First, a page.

The world has never felt more disconnected. The Covid-19 pandemic is crippling all corners of the globe and forcing many people to stay at home and work remotely. It is an unprecedented situation, and one that reminds us all of the importance of human connection.
That is where Simone Heng comes in. She has dedicated her life to teaching people how to make authentic connections that enrich their lives and their businesses. She believes that we are on the planet to connect, and that it is our relationships with other people which make us happy and healthy.
In a recent keynote speech entitled “The Future of Human Connection” that has gone viral on Instagram, Heng talks about a BBC simulation which painted a picture of a future where workplaces are set up for us to avoid contact with other people and the possible transmission of illnesses like Covid-19. She explains that this vision of what might be terrified her because of the way our brains are wired to need connection.
“When I began this journey, I was working in an organisation that was quite toxic. I saw how a lack of human connection was affecting employees,” Heng said in an interview with Nana Asia. “When creative people are disconnected, they cannot create content that connects. And content that connects is the only content people want to consume. I realised if my organisation was steeped in this, then many other places must be feeling it too.”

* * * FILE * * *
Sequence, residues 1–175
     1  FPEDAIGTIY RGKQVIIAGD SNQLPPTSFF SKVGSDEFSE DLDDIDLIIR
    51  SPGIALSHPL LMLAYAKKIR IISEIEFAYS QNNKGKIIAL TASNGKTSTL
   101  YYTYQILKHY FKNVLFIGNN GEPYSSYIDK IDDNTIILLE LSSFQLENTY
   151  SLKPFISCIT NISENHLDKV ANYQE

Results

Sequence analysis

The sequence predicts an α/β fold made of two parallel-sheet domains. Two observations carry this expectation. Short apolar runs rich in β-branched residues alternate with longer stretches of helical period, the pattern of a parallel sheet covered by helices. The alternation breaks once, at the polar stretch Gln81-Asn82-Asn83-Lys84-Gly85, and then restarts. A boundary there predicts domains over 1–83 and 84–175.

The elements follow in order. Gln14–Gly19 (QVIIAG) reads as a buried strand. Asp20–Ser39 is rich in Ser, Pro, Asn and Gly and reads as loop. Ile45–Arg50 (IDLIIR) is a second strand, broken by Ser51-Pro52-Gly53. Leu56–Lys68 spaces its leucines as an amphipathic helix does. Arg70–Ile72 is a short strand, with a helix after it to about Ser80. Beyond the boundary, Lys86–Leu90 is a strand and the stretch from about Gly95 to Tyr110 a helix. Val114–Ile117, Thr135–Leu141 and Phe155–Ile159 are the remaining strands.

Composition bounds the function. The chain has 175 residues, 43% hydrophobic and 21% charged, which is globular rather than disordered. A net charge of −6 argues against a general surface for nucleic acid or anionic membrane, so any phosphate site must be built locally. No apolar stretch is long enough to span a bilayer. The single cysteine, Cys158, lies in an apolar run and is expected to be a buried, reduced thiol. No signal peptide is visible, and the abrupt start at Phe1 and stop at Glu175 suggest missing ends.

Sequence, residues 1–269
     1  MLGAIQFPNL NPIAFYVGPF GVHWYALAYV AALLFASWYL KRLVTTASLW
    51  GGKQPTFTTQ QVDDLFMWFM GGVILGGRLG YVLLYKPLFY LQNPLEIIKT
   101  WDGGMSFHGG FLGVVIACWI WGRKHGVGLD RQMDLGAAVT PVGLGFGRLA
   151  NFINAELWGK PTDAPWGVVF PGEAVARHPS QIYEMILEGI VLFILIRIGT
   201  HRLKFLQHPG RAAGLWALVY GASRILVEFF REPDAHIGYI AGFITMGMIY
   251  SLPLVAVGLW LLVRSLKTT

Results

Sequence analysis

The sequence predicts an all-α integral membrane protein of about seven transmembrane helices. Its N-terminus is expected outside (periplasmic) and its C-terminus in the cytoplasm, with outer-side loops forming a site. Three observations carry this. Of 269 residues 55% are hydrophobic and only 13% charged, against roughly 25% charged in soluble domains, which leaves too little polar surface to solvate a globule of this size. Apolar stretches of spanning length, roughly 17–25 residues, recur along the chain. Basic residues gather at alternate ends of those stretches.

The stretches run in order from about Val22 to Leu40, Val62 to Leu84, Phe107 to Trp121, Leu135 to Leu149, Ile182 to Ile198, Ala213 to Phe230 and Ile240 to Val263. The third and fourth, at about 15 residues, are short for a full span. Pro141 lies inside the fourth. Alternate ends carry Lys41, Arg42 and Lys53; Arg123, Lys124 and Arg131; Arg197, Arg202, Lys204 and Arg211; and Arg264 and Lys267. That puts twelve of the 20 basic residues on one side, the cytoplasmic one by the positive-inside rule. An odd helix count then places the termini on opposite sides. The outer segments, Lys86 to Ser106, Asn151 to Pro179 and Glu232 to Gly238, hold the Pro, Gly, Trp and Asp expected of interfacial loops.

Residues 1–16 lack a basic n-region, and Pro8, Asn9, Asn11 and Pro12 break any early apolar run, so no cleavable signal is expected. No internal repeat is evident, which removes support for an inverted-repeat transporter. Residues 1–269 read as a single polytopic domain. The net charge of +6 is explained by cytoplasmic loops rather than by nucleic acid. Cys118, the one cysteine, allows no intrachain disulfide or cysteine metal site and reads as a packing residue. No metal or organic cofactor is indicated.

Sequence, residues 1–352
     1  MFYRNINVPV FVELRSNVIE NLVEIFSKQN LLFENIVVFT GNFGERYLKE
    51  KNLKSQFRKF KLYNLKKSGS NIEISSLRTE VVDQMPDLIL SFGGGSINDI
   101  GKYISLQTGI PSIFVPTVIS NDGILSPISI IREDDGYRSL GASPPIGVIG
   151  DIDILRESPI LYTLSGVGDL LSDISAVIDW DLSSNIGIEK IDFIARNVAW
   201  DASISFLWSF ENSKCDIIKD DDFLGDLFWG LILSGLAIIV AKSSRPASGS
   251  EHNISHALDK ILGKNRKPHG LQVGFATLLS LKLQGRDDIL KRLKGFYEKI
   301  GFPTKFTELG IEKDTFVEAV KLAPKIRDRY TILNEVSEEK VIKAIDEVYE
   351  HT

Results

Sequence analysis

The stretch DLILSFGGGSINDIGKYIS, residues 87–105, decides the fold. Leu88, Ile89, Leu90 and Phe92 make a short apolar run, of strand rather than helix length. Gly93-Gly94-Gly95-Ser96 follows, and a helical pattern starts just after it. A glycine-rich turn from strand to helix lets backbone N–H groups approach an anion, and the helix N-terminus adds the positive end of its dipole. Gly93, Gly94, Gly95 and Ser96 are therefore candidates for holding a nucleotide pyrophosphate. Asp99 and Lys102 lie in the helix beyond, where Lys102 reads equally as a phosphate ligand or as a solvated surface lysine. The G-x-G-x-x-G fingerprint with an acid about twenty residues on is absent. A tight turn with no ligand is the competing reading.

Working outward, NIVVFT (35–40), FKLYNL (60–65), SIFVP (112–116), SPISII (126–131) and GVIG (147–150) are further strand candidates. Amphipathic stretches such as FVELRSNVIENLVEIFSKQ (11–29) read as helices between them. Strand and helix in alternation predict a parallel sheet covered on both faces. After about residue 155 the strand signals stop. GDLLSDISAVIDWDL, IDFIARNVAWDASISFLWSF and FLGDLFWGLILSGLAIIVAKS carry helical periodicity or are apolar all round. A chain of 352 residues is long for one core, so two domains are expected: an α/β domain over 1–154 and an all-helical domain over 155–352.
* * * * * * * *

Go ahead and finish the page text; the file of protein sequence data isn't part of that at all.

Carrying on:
At the time when Heng realised this, her mother’s dementia was becoming more severe and she was struggling to connect with people. “This meant that less people visited, which would then make her depressed and the cycle would continue. I was seeing in every corner of my life that a lack of authentic connection posed a huge problem to our mental and physical health.”
Moved by her mother’s troubles and motivated by a desire to help others forge stronger bonds, Heng started giving speeches to organisations around the world about the connection techniques that authentically bring us together. Her keynotes are akin to spoken movies and leave audiences feeling deeply connected. Her long list of clients includes Salesforce, UBS, DBS, Google, Ted X, Great Eastern, AIA, Manulife, VLMY&R, The United Nations and Braze.
Heng does not just help businesses. She is concerned about everyone’s mental health, and shared some advice for us all in a recent Instagram post:
“Since Covid-19, the way we connect and the frequency with which we connect has changed. What we can control, however, is the depth at which we connect when the opportunity arises. Try these simple tips that seem logical but are often forgotten:
When you are together virtually or in person when asked how you are, be honest instead of creating a veneer of perfection.
When you disclose information it is an act of vulnerability and gives others meat to start more interesting conversations with you. Be brave and disclose first.
Instead of letting conversation revolve around material things like holidays, possessions and work, ask people about their childhood, their dreams and goals.
We all need to make more of an effort to connect until life goes back to normal. In reaching out, you could be saving a life.”